Lydia managed half a glare at her. "Is not."
"Hey, nobody forced you to eat all that dessert. In fact, if I recall, I warned you that you shouldn't." Amber shook her head, smoothing her apron over slender hips. "It'll be a miracle if you don't die during the night. That was enough food to feed three tables. You should have just let me throw it in the trash."
"But they were only three days old," Lydia protested. "And you know that Boston cream pie is my favorite. And blueberry cheesecake, and coconut cupcakes… I couldn't let it all go to waste!"
Amber nudged Lydia's side with her toe just enough to make the horizontal manager groan again. "If you keep that up, it will all go to your waist. For all your moaning about not being able to lose weight—"
"Yes, thank you," Lydia interrupted. "If you're not going to sympathize with my terrible plight, the least you could do is get a flour sack and suffocate me with it. Put me out of my miserable, hypocritical existence."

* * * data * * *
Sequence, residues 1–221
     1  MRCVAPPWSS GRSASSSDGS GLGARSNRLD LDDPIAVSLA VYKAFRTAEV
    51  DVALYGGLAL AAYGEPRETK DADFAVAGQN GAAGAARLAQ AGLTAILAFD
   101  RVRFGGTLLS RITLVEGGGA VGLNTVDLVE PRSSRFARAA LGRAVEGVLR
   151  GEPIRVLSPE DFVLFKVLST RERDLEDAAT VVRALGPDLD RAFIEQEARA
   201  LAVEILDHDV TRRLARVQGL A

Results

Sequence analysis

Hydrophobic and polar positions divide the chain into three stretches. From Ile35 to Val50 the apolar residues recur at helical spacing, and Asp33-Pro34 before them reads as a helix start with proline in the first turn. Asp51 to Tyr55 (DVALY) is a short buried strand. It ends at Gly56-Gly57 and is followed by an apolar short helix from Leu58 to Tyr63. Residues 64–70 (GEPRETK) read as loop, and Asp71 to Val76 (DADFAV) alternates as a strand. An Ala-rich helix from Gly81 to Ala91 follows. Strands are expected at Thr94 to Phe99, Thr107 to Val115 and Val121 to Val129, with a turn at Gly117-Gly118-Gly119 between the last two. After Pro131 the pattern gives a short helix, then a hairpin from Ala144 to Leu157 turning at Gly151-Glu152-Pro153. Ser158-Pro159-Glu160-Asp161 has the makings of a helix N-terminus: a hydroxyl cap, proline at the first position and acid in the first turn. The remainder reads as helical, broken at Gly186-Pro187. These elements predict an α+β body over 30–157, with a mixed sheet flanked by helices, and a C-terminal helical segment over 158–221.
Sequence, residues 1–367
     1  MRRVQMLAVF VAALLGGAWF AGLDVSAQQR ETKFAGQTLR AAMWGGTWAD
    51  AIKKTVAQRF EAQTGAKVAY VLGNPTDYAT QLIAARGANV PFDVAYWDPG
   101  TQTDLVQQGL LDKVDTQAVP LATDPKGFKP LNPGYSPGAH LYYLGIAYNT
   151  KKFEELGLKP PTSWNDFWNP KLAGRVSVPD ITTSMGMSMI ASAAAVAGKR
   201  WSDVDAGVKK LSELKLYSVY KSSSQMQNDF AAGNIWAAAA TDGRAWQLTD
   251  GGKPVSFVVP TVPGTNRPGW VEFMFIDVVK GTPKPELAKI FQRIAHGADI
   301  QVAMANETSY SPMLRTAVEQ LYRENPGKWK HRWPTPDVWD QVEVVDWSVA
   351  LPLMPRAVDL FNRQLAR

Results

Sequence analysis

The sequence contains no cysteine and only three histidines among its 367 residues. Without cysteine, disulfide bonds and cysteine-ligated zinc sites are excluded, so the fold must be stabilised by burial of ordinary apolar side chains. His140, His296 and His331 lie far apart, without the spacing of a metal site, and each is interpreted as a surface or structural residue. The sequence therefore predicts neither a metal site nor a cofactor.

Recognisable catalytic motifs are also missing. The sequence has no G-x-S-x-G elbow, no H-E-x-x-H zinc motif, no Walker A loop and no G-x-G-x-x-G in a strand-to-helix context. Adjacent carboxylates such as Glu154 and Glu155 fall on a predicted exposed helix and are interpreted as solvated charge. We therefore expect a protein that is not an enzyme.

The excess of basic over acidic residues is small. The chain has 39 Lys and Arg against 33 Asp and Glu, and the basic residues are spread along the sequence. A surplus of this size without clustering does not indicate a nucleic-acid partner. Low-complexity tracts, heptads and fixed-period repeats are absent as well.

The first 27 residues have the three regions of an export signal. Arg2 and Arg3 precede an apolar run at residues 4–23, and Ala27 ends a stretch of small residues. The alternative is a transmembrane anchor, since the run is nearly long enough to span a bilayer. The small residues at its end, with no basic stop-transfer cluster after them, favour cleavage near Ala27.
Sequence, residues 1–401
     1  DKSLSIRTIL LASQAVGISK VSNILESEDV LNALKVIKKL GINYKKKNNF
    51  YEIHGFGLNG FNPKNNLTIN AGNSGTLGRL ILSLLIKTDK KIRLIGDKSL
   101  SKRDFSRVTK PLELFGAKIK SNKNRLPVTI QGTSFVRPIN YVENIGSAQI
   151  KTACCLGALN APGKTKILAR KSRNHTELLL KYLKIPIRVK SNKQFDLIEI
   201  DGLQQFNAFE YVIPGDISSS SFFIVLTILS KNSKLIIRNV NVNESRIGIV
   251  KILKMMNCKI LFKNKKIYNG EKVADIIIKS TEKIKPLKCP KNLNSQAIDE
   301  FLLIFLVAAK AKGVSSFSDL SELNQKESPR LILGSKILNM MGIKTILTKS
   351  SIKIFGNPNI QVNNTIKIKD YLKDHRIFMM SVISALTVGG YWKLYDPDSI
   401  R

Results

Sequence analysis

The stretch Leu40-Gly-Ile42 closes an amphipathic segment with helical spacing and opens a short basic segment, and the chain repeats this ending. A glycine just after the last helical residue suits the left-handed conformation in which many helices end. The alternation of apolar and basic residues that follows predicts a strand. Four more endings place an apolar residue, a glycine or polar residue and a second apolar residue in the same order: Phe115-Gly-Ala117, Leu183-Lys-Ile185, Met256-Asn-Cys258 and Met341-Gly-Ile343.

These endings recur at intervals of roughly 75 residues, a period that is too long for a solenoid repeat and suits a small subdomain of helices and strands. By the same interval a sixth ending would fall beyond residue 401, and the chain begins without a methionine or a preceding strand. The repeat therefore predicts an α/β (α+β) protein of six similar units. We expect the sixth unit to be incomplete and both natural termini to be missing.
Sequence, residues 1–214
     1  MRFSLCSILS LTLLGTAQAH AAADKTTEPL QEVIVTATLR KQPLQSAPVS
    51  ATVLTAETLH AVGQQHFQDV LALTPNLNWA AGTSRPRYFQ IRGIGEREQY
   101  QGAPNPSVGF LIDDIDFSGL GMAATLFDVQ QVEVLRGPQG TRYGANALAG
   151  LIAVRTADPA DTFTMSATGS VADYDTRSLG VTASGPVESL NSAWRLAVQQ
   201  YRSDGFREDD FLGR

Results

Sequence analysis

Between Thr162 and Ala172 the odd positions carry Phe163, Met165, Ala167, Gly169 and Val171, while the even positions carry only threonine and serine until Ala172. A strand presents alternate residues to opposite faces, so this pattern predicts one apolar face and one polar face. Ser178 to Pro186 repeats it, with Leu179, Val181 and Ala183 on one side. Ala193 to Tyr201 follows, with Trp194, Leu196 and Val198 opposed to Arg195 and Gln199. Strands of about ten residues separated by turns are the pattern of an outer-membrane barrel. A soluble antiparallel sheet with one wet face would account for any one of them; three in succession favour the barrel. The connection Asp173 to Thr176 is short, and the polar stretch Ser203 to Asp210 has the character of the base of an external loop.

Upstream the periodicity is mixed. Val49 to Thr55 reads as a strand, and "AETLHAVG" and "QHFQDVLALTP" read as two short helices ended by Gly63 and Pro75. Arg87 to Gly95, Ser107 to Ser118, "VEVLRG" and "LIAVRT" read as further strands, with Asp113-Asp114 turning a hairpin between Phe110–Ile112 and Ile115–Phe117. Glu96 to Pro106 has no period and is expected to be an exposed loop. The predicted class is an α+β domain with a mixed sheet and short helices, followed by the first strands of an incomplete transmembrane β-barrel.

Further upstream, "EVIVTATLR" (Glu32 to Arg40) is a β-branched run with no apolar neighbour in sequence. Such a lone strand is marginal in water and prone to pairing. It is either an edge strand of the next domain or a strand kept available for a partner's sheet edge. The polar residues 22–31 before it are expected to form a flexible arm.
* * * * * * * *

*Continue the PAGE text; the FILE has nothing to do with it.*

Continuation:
Amber rolled her eyes. "Get up. You're my ride home."
"My keys are in my coat pocket. Just leave me here to die."
"Okay, now you're just getting annoying. Let's go. "
Lydia sighed. She ought to have known she wouldn’t get any sympathy from Amber. It didn't help that they went through this ritual at least once a month. It just hurt to see all those beautiful desserts getting chucked into the garbage because three days was apparently too old. To make matters worse, the restaurant owner, Maria, was against donating leftover food. It was a tragedy. If they were going to the homeless or basically any cause besides rotting in a landfill, Lydia wouldn't have to eat them all.